March 17

“He who lives in harmony with himself lives in harmony with the universe.”
—Marcus Aurelius

“I have learned what a heart full of gratitude feels like.”

“If you make yourself a doormat, you will be stepped on.”
—American Proverb

“The only real voyage of discovery consists not in seeking new landscapes but in having new eyes.”
—Marcel Proust

“The Way isn’t something that can be put into words.  You have to practice before you can understand.  You can’t force things, including practice.  Understanding is something that happens naturally.  It’s different for everyone.  The main thing is to reduce your desires and quiet your mind.”
—Master Hsueh

“Within man is the soul of the whole; the wise silence; the universal beauty; to which every part and every particle is equally related; the eternal One.”
—Ralph Waldo Emerson

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Father Leo’s Daily Meditation
March 17

“The saints are the sinners who keep on going.”
—Robert Louis Stevenson

At times I do not want to carry on; I do not want to fight anymore for truth and freedom; it seems so much easier to “give up ” and agree with everybody—but I know, deep inside myself, this is not true.

At times the disease speaks to me and tells me to “give up” and everything will be okay—perhaps have one drink, don’t rush off to so many meetings, get what you can when you can! It all sounds so tempting, but I know that it does not work.

Sobriety works! The struggle and pain to act responsibly in my life is paying off and it does get better. I am not going to give up. My life is worth more than a quick fix!

Lord, let me know that true courage is working through the pain.

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Bible Scriptures
March 17

“Cast your burden on the Lord, and He shall sustain you; He shall never permit the righteous to be moved.”
—Psalms 55:22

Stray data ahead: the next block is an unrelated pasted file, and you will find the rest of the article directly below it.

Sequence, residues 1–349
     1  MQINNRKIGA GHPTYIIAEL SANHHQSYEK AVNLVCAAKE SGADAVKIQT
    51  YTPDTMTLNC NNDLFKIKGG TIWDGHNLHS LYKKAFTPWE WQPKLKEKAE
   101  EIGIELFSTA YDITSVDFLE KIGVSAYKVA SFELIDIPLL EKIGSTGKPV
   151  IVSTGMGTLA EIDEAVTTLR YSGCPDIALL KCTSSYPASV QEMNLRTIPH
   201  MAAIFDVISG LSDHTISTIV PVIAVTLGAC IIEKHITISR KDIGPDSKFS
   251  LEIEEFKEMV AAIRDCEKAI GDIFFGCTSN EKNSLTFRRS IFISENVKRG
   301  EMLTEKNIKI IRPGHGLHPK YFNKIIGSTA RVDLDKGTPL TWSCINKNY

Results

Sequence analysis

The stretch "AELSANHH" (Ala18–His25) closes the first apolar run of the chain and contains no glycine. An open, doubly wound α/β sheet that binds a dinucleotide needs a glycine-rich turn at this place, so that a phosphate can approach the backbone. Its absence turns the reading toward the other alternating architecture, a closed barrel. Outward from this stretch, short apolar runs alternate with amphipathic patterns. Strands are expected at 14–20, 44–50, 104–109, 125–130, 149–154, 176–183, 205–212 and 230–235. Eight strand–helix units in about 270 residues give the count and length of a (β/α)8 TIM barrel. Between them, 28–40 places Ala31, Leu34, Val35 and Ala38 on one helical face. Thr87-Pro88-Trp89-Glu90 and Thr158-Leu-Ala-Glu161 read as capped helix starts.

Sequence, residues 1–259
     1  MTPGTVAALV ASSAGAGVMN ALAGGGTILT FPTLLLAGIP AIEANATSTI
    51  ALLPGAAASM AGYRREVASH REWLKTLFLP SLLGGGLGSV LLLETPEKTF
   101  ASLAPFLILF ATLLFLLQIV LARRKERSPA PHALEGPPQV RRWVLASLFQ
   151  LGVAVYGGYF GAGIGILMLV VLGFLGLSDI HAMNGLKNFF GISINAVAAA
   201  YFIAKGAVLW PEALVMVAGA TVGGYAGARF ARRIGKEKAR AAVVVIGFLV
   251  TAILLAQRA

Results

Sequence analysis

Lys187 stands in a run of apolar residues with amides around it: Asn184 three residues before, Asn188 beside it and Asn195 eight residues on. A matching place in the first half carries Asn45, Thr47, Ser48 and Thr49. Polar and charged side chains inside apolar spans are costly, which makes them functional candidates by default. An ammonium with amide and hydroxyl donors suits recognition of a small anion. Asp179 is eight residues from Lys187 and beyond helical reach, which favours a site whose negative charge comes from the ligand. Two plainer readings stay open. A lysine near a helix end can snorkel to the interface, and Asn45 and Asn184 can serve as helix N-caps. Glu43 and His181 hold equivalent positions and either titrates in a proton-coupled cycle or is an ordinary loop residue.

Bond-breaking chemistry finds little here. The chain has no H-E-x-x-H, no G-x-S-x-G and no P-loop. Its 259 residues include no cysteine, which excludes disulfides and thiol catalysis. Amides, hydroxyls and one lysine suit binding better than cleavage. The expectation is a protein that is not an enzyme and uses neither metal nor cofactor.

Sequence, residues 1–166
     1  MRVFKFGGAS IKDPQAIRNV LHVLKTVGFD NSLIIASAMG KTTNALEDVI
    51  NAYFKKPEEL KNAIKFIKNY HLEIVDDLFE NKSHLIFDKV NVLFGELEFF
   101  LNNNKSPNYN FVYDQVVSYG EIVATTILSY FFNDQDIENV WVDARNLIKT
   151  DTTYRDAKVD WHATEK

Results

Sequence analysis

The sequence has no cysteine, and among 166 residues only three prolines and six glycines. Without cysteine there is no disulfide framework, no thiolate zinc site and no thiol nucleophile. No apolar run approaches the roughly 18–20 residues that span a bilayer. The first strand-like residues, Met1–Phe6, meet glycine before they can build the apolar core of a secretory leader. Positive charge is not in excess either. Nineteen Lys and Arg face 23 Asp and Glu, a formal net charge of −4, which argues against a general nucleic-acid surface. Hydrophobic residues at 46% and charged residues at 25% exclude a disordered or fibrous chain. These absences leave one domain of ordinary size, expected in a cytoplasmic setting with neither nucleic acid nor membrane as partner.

“Whenever I am afraid, I will trust in You.”
—Psalms 56:3

“Humble yourselves before the Lord, and he will lift you up.”
—James 4:10

“Jesus said, ‘Love one another as I have loved you. No one has greater love than this, to lay down one’s life for one’s friends.'”
—John 15:12-13

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Daily Inspiration
March 17

We have been given a treasure of talents which should be accepted with responsibility and gratitude. Lord, may my gifts flourish in great faith and charity so that they may also benefit others.

Love who you are, for who you are, God loves. Lord, help me to never abuse myself with self pity or excess, emotionally or physically, so that I may live my life to the fullest according to Your Will.


A Day At A Time
March 17

Reflection For The Day

“Lead us not into temptation,” we pray, for we know with certainty that temptation lurks around the corner.  Temptation is cunning, baffling, powerful—and patient:  we never know when it will catch us with our guard down.  Temptation could come in the siren song of a four-color advertisement, the fragment of a half-remembered song or, more obviously, in the direct urgings of another person.  We must remain forever vigilant, remembering that the first drink gets us drunk, that the first obsessive bite will likely trigger an overeating orgy, that the first roll of the dice could well destroy our lives.  Am I aware of my number one priority?

Today I Pray